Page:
in a blackout: heat like an oven, rolling down over the desert in waves. antithetical to the ocean I miss so much—different like siblings. my bare feet in the swimming pool, cotton underwear, cotton t-shirt, nothing else. sugary cereal sampler—I’m doing everything now that I wasn’t allowed to do as a child. move the thermostat. get a knock on the head.
wine-drunk and tossing around in bed. bed too small for two people to fit on. too lazy to move. tim gunn on the television telling us to make it work. wanting everyone to be stupid for a change. my brain is the size of Alaska. surprisingly big, but just as empty. only a few cells left standing. can’t say I love you. physically cannot say it.
so many things I cannot do. I tried for freckles and ended up sunburnt to a crisp. stalking around the backyard, stomping through chlorinated water. threw the shock in. wondered what would happen if I ate it.
carpenter ant invasion in the walls. fished out a dead rabbit from the pool. threw a poorly attended funeral in the woods. same recurring dream where my dad dies and somebody phones to tell me. same monotone, same upset stomach and stinging tears. every night now.
still have his statue of Mickey Mouse sitting out in the flower garden. still sitting, collecting water, incubating mosquito babies. keep forgetting to tip out the ears.
vitamin d deficiency. echochamber I built for myself in my bedroom. out by the pool again, with dead daddy-long-legs and frogs that hop back in when I try to pull them out. mom’s boyfriend takes his shirt off. gross.
pruney fingers. broken ferris wheel. august showers act like mediums, foretelling of hurricane season: wash us into the sewers, where the alligators crawl. I’m not scared of them; I can handle it. you have to pick them up by their heads first, then their tails. put your fingers right up by the teeth. if they start chasing you, run zig-zag to confuse them. I’m florida-smart.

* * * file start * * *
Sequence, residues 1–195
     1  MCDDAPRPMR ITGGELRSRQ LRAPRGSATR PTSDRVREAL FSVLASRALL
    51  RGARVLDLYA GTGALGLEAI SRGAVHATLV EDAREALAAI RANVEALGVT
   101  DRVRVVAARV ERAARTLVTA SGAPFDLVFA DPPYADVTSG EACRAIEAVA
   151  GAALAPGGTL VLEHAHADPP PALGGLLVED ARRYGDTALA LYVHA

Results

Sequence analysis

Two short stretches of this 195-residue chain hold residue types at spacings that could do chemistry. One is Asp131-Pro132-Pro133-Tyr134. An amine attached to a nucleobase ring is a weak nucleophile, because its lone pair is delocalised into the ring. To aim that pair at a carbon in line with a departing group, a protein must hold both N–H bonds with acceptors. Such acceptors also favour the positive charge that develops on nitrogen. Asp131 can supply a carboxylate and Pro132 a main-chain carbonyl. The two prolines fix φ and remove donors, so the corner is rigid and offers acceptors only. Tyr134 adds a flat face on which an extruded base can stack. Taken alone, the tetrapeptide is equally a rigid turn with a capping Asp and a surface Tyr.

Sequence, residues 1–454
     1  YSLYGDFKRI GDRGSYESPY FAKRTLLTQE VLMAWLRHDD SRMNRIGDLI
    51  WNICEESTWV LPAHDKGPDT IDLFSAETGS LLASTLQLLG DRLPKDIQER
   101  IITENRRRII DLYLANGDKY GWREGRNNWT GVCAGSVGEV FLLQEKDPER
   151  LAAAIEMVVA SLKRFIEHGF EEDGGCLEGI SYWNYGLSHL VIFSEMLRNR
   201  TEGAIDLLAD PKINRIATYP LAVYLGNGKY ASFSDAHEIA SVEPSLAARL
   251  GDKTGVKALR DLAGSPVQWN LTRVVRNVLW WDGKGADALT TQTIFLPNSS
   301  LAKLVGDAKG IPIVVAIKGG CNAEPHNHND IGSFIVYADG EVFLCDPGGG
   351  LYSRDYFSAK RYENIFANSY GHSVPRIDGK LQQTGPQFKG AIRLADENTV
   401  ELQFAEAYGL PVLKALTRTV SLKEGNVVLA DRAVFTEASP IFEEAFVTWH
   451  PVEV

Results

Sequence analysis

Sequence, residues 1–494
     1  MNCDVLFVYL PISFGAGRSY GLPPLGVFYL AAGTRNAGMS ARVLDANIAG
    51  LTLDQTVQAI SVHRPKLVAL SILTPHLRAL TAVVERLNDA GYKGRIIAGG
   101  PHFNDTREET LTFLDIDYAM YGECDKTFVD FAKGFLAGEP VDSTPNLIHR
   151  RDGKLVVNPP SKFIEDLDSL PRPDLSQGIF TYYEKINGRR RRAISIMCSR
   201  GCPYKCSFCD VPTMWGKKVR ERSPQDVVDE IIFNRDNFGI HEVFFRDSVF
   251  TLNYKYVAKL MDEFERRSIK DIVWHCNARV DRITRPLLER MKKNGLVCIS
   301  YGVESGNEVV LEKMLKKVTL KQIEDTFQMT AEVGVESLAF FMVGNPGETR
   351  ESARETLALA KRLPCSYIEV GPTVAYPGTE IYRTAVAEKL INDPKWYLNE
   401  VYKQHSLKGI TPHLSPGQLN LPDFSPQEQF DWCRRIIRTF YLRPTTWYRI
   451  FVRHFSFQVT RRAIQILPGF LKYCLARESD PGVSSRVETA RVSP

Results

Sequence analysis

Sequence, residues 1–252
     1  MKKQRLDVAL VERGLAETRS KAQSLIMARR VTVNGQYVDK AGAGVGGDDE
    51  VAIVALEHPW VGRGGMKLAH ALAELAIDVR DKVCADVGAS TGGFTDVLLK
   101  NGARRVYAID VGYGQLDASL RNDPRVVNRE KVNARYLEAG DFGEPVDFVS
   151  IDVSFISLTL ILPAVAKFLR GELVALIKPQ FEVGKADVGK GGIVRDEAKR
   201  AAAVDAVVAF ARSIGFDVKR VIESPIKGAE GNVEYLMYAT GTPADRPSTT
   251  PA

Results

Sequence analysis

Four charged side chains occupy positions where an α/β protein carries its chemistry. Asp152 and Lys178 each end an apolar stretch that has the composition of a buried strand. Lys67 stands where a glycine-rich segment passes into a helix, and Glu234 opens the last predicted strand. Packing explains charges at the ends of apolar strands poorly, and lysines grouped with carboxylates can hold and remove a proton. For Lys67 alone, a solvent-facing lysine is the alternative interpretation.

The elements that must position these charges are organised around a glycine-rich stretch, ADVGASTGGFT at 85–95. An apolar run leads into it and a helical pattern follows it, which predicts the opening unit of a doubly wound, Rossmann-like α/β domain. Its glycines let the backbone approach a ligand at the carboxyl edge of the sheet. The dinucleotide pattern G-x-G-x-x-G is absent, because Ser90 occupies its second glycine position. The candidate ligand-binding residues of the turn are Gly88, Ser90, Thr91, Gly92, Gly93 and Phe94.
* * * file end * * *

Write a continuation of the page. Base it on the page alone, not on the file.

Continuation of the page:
boredom partially healed by american folklore: reptile-dogs and men who watch houses, keeping me up at night. ay, de mi, llorona, llorona—I could cry so much. sargasso sea that I keep gulping down and leaking out in a vain attempt to be healthy. everybody else is, in their bikinis and spray tans at the beach on the weekends. I’m just a version of my eleven-year-old self who’s allowed to get drunk now: inventing new shades of pale, festering hatred, turning the backyard into a swampland whirlpool. I wish it were never summer.
Michelle Moroses is a writer and poet from the Jersey shore. Her work has been published or is forthcoming in Poets Reading the News, The Bitchin' Kitsch, and The Eunoia Review. She can be found online at writermichellemoroses.wordpress.com.